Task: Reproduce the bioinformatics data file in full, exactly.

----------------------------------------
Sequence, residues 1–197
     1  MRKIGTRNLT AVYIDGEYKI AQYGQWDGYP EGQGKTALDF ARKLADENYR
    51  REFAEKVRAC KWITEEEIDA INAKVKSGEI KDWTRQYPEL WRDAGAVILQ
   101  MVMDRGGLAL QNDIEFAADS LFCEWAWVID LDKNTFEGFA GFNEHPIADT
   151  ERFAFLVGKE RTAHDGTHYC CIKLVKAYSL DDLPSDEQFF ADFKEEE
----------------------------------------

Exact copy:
Sequence, residues 1–197
     1  MRKIGTRNLT AVYIDGEYKI AQYGQWDGYP EGQGKTALDF ARKLADENYR
    51  REFAEKVRAC KWITEEEIDA INAKVKSGEI KDWTRQYPEL WRDAGAVILQ
   101  MVMDRGGLAL QNDIEFAADS LFCEWAWVID LDKNTFEGFA GFNEHPIADT
   151  ERFAFLVGKE RTAHDGTHYC CIKLVKAYSL DDLPSDEQFF ADFKEEE